Winter cleaning on a grand scale

Chloe, the house manager at Ickworth holding a brush

Can you imagine cleaning a huge country mansion, the likes of which National Trust teams tackle each and every year? Inside our houses are a hive of activity during the winter months, as conservation teams dust, vacuum and polish their hearts out.

In addition to being able to give the house an in-depth clean, winter gives us an opportunity to closely examine every item for signs of wear and pest activity, and to update our records. Of course we’re constantly monitoring the collection and we keep the house clean throughout the year, but during the winter we do this on a much greater scale. And now we'll be doing this more than ever before in front of visitors.

To polish or not to polish?

We assess each item individually as to whether to polish it or not - we no longer polish whole items routinely because this cleaning can act as a form of wear and tear. Removing dust helps limit this corrosion. It’s a simple thing to do but effective, so we dust regularly throughout the year and top up on the protective wax in winter. 

Our team works hard conserving our collection
Volunteer conservator cleaning a teapot. Mottisfont, Hampshire
Our team works hard conserving our collection

It’s not just housework

Do you fold your duster in a special way to prevent the edges catching on things? Do you get out a hogs hair brush to get all the dust out of the crevices? Do you have special brushes for cleaning certain items? We do… and these are just a few of our ways of working to keep our collection conserved.

Join our team and help our conservation work
Volunteer dusting mirror
Join our team and help our conservation work

Cleaning on a grand scale

Can you imagine cleaning a huge country mansion, the likes of which National Trust teams tackle each and every year?

Nevermind the sheer size of the places involved and the number of rooms, there are delicate and historically important objects everywhere – from carpets, tapestries and ceramics to marble busts, carved wooden staircases and sparkling chandeliers – oh and a suit of armour or two!

Cleaning from dizzy heights in Peter the Great room
A member of the conservation team cleaning a chandelier
Cleaning from dizzy heights in Peter the Great room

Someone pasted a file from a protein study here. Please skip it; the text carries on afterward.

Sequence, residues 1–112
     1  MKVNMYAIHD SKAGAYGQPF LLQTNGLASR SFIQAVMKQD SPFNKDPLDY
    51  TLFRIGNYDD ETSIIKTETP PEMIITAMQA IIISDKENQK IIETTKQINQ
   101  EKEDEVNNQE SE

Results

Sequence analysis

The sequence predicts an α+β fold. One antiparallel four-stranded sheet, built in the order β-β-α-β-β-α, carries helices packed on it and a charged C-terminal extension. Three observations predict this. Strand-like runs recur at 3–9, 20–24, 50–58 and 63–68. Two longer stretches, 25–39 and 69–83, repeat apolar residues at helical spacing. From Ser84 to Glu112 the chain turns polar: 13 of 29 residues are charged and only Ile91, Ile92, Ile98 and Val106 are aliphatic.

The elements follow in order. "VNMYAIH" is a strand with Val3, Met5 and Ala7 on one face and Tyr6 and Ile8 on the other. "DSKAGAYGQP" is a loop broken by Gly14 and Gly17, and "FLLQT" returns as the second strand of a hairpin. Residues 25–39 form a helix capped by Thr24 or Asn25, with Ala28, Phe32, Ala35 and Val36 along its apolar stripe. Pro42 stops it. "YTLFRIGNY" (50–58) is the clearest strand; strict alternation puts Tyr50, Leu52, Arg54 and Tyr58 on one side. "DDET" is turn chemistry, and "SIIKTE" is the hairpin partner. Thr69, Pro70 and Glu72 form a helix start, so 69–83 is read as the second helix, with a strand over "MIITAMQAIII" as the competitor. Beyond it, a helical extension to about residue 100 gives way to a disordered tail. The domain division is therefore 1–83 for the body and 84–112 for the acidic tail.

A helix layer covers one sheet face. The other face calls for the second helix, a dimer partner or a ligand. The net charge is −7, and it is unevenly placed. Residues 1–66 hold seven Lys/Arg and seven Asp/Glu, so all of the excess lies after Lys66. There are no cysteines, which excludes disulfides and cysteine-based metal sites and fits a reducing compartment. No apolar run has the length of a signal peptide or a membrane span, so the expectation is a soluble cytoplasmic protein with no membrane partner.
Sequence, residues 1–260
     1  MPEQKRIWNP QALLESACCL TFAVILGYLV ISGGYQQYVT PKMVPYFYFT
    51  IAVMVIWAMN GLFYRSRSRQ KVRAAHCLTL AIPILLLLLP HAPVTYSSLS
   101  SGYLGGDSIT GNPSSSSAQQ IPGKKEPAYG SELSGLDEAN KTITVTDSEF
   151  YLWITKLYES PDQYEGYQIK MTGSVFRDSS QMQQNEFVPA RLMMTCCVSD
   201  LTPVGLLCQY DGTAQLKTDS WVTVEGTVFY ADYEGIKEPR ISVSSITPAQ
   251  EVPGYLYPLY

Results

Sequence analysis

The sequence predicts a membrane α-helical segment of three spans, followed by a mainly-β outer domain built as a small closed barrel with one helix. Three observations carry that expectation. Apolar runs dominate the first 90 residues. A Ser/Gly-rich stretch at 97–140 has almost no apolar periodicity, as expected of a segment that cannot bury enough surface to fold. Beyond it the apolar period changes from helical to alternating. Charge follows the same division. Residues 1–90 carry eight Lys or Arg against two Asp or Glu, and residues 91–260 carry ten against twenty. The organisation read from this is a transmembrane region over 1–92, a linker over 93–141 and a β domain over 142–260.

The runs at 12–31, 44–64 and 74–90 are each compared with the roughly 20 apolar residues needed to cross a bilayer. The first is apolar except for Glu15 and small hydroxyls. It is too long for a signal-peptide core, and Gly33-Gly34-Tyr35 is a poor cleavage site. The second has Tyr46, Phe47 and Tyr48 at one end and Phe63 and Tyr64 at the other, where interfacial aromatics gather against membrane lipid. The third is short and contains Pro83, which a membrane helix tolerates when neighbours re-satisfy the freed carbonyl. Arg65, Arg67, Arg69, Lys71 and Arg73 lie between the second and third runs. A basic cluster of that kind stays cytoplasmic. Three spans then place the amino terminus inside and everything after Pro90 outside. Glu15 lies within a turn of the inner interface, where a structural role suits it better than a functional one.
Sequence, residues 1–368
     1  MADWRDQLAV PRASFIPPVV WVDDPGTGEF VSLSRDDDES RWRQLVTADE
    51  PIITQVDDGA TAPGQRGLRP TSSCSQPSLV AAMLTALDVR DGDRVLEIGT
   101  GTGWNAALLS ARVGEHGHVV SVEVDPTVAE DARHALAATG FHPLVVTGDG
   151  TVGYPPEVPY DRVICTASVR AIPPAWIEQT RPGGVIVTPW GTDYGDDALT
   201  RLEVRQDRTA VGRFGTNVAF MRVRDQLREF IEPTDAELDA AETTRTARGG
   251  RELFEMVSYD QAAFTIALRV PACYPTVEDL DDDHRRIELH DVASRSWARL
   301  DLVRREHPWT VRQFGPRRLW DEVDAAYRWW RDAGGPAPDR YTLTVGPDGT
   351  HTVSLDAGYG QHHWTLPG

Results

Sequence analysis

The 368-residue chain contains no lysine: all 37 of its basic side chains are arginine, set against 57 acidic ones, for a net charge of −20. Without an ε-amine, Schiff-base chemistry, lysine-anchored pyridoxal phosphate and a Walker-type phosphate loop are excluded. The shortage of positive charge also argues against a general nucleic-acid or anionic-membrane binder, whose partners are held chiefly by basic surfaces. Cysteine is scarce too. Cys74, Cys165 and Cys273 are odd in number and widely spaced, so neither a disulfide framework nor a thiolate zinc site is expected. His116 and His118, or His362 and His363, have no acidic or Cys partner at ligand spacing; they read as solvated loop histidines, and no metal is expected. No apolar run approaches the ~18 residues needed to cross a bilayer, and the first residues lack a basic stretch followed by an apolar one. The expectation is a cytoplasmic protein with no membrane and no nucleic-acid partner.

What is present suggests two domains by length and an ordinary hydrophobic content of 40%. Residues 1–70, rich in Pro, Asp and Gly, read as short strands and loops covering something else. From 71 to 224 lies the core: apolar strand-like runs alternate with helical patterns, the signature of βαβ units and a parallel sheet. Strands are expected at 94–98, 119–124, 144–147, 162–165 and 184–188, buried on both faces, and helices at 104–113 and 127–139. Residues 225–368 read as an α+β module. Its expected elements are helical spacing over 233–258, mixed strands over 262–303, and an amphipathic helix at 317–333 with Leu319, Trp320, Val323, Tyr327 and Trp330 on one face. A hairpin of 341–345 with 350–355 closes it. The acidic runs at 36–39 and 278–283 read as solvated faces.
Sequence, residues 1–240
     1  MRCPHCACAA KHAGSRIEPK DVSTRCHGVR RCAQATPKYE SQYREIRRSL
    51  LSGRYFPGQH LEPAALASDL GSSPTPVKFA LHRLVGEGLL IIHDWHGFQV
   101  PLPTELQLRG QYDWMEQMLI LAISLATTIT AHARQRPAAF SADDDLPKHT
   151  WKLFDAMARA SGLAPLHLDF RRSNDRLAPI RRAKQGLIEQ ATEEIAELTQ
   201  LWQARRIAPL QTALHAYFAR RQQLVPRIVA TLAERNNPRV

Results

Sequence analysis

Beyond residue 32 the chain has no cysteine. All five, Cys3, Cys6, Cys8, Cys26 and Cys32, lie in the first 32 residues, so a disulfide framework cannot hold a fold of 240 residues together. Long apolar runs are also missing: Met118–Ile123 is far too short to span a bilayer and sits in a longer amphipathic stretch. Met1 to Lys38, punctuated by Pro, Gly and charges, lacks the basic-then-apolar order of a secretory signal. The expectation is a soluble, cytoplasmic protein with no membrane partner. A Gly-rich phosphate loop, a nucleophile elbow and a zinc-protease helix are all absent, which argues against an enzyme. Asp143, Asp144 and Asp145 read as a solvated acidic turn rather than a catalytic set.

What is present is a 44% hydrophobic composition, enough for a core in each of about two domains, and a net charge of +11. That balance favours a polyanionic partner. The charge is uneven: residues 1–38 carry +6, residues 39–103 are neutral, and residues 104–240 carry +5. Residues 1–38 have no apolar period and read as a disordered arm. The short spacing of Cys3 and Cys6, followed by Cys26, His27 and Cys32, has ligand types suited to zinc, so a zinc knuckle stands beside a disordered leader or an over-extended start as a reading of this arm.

Chloe Woodrow, is the House Manager at Ickworth House and is no stranger to cleaning; it’s just on a bigger scale than the rest of us are used to!

Chloe’s top tips to try at home:

  • I wouldn’t be without vinegar and paraffin on a woollen cloth, as it buffs floors amazingly and when you have lots of wooden floors to keep in tip top condition it is invaluable.
  • I would also recommend Renaissance Wax, which I use to protect metalwork after cleaning and leatherwork.
  • Autosol is fantastic for cleaning brass and copper.
  • When dusting furniture, flat surfaces in good condition need only light dusting with a clean, dry lint free duster with hemmed edges. A carved or raised surface needs a natural bristle brush.
  • Textiles such as upholstery, bedspreads and rugs can be vacuumed on low suction, using a crevice tool covered with fine nylon netting to prevent snagging of loose threads.

Just imagine how many hours are needed to clean the 5,383 items in Ickworth’s collection and that doesn’t even include the items on loan or in storage. The staff and volunteers work like mad to clean the 947 items of furniture, 865 ceramics, 845 pieces of silver, 571 paintings and drawings, 357 textiles, 153 items of glassware including 4 chandeliers, 106 sculptures and then there are the clocks, armour, toys and general decorative elements of the house. And it all needs to be done before we open our doors for the new season!

So next time you visit one of our big houses stop for a minute and imagine all the hours of intricate cleaning that goes into keeping it clean and dust-free.

When you uncover a house's past, it helps us safeguard its future

Thanks to you, when you join, donate, visit or volunteer, your support helps us to look after special places for ever, for everyone.